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Impressioning is a covert entry technique that creates a working key for a target lock. Impressioning has two variants: copying, which focuses on making a mold of a working key; manipulation, which focuses on using a blank key to manipulate lock components to determine their proper positions. This page will focus on manipulation-based impressioning.

For information on copying-based impressioning, please visit the "Tool Mark Identification" and "Material Transfer" sections of the Key Analysis page.

Impressioning Principles

Manipulation-based impressioning works by taking a blank key that fits a target lock, applying extreme torque to the key (thus binding components), and manipulating the key blank in order to produce marks on the key. This is correct for pin-tumbler locks, but the actual process varies for different lock designs. The theory behind impressioning is that components at the wrong position will bind and become immobile. When the soft brass key contacts the immoble components, a mark should be produced. When a component is properly positioned it should no longer bind and thus no longer leave marks. The blank is used to gather marks, then filed in those positions. This is repeated until all components are in their proper position and the lock opens.

Because this type of manipulation is stressful on the key and cylinder we expect to find various types of forensic evidence. Namely, it is expected that the forceful binding of bottom pins, all of which are raised at or above shear line, to cause marks. We may also find material transfer from filing the key if the attacker is not careful to properly clean the key after each filing.

There are variations on the manipulation process that use pressure responsive materials, such as lead, tape, or plastic to facilitate the process of impressioning. In these cases we may also find material transfer as the soft materials rub against the keyway and inside of the plug.

Of course, the key used in manipulation-based impressioning will provide a good deal of forensic evidence, but that is covered in the "Hand-made Keys" and "Tool Mark Identification" sections on the Key Analysis page.

Forensic Evidence

Because we are forcibly binding bottom pins at or above the shear line we expect to see marks on the pins where this occurred. In the photo we can see several marks where the pin was bound against the plug in the form of straight lines sheared into the pin. (Note: the scratches to the left are pick marks)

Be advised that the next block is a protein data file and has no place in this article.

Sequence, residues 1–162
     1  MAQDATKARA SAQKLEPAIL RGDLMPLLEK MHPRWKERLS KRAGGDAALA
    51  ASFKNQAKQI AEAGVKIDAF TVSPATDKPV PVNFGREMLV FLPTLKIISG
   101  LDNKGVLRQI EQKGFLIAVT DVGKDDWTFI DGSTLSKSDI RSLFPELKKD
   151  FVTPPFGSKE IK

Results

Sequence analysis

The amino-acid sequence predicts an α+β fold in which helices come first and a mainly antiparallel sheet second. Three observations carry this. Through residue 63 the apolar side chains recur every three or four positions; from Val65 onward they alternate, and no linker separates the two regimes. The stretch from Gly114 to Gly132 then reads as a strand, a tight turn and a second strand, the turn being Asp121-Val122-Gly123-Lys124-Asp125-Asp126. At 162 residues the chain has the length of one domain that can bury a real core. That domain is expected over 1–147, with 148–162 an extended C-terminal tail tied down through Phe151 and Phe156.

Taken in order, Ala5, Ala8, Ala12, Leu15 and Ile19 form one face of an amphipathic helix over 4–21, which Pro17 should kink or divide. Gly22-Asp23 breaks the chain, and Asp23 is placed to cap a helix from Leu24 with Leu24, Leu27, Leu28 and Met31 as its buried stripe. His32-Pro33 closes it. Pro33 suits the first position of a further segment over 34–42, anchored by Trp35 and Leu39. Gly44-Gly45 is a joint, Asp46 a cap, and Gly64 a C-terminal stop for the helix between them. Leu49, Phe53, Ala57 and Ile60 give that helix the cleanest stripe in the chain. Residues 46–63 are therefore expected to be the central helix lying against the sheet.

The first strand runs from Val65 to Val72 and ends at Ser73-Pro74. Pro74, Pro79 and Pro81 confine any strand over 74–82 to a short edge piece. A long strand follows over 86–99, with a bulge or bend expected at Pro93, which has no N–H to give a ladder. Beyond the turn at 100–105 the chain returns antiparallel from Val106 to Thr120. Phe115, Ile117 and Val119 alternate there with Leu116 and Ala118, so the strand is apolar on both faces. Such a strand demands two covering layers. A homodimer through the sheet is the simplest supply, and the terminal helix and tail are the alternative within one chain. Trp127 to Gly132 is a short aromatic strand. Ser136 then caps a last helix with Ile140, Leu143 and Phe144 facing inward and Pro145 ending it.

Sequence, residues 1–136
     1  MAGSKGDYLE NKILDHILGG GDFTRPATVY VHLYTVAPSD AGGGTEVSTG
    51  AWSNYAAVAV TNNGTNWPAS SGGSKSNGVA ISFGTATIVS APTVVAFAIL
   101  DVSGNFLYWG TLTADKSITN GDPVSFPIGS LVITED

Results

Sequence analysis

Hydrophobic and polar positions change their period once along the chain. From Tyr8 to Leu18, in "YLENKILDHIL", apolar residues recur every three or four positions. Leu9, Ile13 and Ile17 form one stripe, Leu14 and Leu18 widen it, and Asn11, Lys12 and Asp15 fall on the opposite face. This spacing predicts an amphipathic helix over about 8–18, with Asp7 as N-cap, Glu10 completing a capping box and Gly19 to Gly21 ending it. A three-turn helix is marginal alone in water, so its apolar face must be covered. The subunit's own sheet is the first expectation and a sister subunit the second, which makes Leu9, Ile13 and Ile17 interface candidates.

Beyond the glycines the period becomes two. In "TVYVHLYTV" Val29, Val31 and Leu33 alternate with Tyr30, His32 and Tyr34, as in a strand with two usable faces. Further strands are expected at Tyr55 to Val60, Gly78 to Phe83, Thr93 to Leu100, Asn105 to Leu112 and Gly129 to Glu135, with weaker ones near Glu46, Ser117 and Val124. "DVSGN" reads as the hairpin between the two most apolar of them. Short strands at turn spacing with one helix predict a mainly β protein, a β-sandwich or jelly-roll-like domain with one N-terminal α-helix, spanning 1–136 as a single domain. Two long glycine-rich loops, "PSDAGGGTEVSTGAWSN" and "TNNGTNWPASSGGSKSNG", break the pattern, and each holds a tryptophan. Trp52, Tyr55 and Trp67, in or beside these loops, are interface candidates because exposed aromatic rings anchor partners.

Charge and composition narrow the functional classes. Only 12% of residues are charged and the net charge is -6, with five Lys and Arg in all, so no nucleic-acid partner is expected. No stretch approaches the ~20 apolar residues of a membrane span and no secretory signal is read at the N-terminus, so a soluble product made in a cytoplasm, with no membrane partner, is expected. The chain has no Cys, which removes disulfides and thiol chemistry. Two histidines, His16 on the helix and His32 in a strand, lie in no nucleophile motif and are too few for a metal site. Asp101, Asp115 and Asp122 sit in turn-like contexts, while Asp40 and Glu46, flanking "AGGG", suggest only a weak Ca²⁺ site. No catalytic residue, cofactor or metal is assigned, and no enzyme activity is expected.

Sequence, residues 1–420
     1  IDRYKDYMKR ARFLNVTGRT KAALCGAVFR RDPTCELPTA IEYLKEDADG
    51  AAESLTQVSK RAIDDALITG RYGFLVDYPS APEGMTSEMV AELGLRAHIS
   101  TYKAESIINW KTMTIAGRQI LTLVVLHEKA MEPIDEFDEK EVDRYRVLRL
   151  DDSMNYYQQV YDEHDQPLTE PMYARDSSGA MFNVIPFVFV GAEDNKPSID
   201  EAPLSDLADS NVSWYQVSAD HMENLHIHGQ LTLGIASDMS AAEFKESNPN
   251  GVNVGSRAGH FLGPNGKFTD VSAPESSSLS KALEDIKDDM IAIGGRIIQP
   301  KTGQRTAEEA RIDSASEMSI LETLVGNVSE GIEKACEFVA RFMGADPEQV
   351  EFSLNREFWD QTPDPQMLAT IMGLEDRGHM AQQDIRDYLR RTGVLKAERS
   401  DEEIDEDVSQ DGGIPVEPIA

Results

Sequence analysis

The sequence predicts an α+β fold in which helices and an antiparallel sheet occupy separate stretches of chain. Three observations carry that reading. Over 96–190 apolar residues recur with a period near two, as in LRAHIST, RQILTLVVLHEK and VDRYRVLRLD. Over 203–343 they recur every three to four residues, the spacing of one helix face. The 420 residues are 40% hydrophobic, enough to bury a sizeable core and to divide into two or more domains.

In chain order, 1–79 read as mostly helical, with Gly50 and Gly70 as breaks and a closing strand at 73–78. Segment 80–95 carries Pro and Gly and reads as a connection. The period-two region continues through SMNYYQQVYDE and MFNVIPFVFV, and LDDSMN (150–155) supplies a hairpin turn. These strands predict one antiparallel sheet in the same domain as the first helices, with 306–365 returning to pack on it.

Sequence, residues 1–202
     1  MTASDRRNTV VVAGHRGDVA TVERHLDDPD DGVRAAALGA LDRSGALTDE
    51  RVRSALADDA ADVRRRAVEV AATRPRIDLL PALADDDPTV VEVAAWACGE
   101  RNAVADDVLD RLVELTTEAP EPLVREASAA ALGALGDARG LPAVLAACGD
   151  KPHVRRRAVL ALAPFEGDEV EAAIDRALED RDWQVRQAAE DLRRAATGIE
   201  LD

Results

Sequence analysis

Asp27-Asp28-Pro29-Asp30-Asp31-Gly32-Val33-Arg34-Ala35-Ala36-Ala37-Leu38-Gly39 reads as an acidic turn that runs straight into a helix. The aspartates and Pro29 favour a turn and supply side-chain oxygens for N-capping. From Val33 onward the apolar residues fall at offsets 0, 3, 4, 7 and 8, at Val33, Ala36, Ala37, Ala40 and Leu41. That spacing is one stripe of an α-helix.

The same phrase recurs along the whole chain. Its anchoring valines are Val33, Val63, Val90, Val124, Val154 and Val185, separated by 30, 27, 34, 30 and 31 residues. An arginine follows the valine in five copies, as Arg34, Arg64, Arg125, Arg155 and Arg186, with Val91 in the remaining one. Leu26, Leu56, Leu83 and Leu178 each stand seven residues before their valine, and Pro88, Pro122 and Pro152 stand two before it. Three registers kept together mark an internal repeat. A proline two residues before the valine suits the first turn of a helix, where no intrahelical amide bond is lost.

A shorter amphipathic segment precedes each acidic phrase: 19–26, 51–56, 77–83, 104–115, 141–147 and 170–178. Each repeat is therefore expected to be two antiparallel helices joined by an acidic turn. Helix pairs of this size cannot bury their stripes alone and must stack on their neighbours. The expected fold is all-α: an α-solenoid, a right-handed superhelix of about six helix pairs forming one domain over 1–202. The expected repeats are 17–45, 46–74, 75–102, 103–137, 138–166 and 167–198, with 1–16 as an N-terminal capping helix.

A pin that has been impressioned. Marks on the pin show where the plug sheared into it.

Sometimes, impressioning marks are so clear that we can count the rounds of impressioning. If marks are far apart the forensic locksmith can also measure the distance between them. This may indicate a more skilled attacker if they are using factory depth increments to speed up the impressioning process.

Impressioned pin-tumbler pin with shearing so visible that it is possible to count the number of impressions taken.
Traces of ultraviolet ink on the face of the lock, an indication of impressioning via manipulation.

The key blank may be specially prepared for impressioning via manipulation in a variety of ways. One of the possibilities is the use of Ultraviolet ink and an ultraviolet light source. This is an interesting technique, but as you can see in the photo it leaves ultraviolet ink residue on the face and insides of the lock.

Traces of ultraviolet ink on the pins inside the lock, note the UV tracks along the side of the pins.

When using UV impressioning, UV ink is reapplied each time the blank is filed. In turn, the pins will have a large amount of UV reside on them. Notice the obvious key pattern of UV ink across the sides of the pin. In addition, the UV pen fibers may have been stuck to the key and left behind on the pins or the plug walls.

Pressure-responsive Impressioning

Stay tuned!


If you would like to help this site by donating any impressioning tools or pressure responsive materials, please contact me.